(1/528) Arrested eruption of the permanent lower second molar.

The incidence of retention/impaction of the permanent lower second molar (M2inf) lies between 0.6/1000 and 3/1000. Therefore, the purpose of the present study was to investigate the craniofacial morphology, the frequency of dental anomalies and the inclination of the affected M2inf and the adjacent first molar in patients with arrested eruption of M2inf. The overall goal was to elucidate the aetiology of arrested tooth eruption and to present the characteristics of these patients in order to improve diagnosis and treatment planning. Radiographic material (profile radiographs and orthopantomograms) from 19 patients (nine females and 10 males; 13-19 years of age at the time of referral) were analysed. The ages of the patients when profile radiographs were taken for cephalometric analysis varied from 8 to 16 years. The study shows that this group of patients, compared with a reference group, had an increased sagittal jaw relationship (Class II). Specifically, the mandibular prognathism was less, the mandibular gonial angle smaller, the mandibular alveolar prognathism enlarged and the maxillary incisor inclination less than in the reference group. Furthermore, this group of patients had a more frequent occurrence of morphological tooth anomalies, such as root deflections, invaginations, and taurodontism. However, none of the patients with arrested eruption of M2inf had agenesis of the lower third molar. The study did not reveal an association between the degree of inclination of the M2inf and that of the first molar in the same region. The results of this investigation show that conditions such as the craniofacial morphology and deviations in the dentition are associated with arrested eruption of M2inf. Therefore, it is important to evaluate these conditions in future diagnosis and treatment planning of patients with arrested eruption of M2inf.  (+info)

(2/528) The robust australopithecine face: a morphogenetic perspective.

The robust australopithecines were a side branch of human evolution. They share a number of unique craniodental features that suggest their monophyletic origin. However, virtually all of these traits appear to reflect a singular pattern of nasomaxillary modeling derived from their unusual dental proportions. Therefore, recent cladistic analyses have not resolved the phylogenetic history of these early hominids. Efforts to increase cladistic resolution by defining traits at greater levels of anatomical detail have instead introduced substantial phyletic error.  (+info)

(3/528) Evaluation of CSF leaks: high-resolution CT compared with contrast-enhanced CT and radionuclide cisternography.

BACKGROUND AND PURPOSE: Radiologic evaluation of CSF leaks is a diagnostic challenge that often involves multiple imaging studies with the associated expense and patient discomfort. We evaluated the use of screening noncontrast high-resolution CT in identifying the presence and site of CSF rhinorrhea and otorrhea and compared it with contrast-enhanced CT cisternography and radionuclide cisternography. METHODS: We retrospectively reviewed the imaging studies and medical records of all patients who were evaluated for CSF leak during a 7-year period. Forty-two patients with rhinorrhea and/or otorrhea underwent high-resolution CT of the face or temporal bone and then had CT cisternography and radionuclide cisternography via lumbar puncture. The results of the three studies were compared and correlated with the surgical findings in 21 patients. RESULTS: High-resolution CT showed bone defects in 30 of 42 patients (71%) with CSF leak. High-resolution, radionuclide cisternography and CT cisternography did not show bone defects or CSF leak for 12 patients (29%) who had clinical evidence of CSF leak. Among the 30 patients with bone defects, 20 (66%) had positive results of their radionuclide cisternography and/or CT cisternography. For the 21 patients who underwent surgical exploration and repair, intraoperative findings correlated with the defects revealed by high-resolution CT in all cases. High-resolution CT identified significantly more patients with CSF leak than did radionuclide cisternography and CT cisternography, with a moderate degree of agreement. CONCLUSION: Noncontrast high-resolution CT showed a defect in 70% of the patients with CSF leak. No radionuclide cisternography or CT cisternography study produced positive results without previous visualization of a defect on high-resolution CT. CT cisternography and radionuclide cisternography may be reserved for patients in whom initial high-resolution CT does not identify a bone defect or for patients with multiple fractures or postoperative defects.  (+info)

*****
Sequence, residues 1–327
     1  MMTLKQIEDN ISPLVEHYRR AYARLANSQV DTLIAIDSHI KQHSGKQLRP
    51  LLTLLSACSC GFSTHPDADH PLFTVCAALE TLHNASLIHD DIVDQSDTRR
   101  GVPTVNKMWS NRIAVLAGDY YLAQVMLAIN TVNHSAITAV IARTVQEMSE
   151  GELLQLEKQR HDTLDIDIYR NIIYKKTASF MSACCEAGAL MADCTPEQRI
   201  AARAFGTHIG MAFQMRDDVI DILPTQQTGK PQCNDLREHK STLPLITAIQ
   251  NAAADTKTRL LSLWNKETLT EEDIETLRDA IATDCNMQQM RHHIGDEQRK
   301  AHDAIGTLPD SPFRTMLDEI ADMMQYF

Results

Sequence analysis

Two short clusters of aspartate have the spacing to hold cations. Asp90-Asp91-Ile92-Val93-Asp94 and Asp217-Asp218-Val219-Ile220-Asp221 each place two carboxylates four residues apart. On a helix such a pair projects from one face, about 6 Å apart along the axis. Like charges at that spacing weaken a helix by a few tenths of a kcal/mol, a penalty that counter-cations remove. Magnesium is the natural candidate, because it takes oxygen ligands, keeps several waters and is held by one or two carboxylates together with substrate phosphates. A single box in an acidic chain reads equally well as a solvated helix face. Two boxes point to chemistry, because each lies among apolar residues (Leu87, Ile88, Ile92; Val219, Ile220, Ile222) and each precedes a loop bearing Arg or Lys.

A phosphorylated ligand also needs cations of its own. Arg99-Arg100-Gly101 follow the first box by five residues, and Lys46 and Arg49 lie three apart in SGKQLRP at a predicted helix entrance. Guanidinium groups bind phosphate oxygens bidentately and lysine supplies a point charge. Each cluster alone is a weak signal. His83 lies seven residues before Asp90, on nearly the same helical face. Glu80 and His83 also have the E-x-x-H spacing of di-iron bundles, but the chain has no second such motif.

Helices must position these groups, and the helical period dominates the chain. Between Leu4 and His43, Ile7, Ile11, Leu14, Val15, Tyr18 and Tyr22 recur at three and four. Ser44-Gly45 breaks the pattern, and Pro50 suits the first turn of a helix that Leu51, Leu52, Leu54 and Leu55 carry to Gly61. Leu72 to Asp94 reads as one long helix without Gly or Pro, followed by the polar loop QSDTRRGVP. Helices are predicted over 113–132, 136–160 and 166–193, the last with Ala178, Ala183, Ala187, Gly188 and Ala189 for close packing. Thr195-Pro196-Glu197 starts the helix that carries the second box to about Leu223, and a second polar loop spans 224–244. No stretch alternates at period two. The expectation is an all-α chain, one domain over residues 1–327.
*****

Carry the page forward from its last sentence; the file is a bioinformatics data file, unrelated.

(4/528) Comparison of cervicovertebral dimensions in Australian Aborigines and Caucasians.

Cervicovertebral dimensions were compared in a group of 30 male and 30 female young adult Australian Aborigines from the Northern Territory, and a control sample consisting of 60 Caucasian dental students from Adelaide, matched for sex and age. Thirty-six variables, 22 cervical and 14 craniofacial, were derived from standardized lateral roentgenograms with the use of a computerized cephalometric system. Vertebral body height and length were significantly greater in Aboriginal males than females for C3 to C7, while dorsal arch height of C1 and C2 displayed the greatest dimensional variability in both sexes. The antero-posterior length of C1, dens height, and body heights of C3 and C4 were significantly shorter in Aborigines than Caucasians for both males and females. Total length of the column from C2 to C6 was approximately 12 per cent shorter in the Aborigines compared with Caucasians. The height of the posterior arch of C1 was significantly correlated with one or both posterior cranial base lengths in Aborigines and Caucasians. Associations were also noted between mandibular lengths and posterior arch heights of the upper two vertebrae. The results confirm and clarify several previous observations on the relative shortness of the cervical spine in Australian Aboriginals. They also indicate some associations between dimensions of the cervical vertebrae and craniofacial lengths, particularly those representing the posterior cranial base and the mandible.  (+info)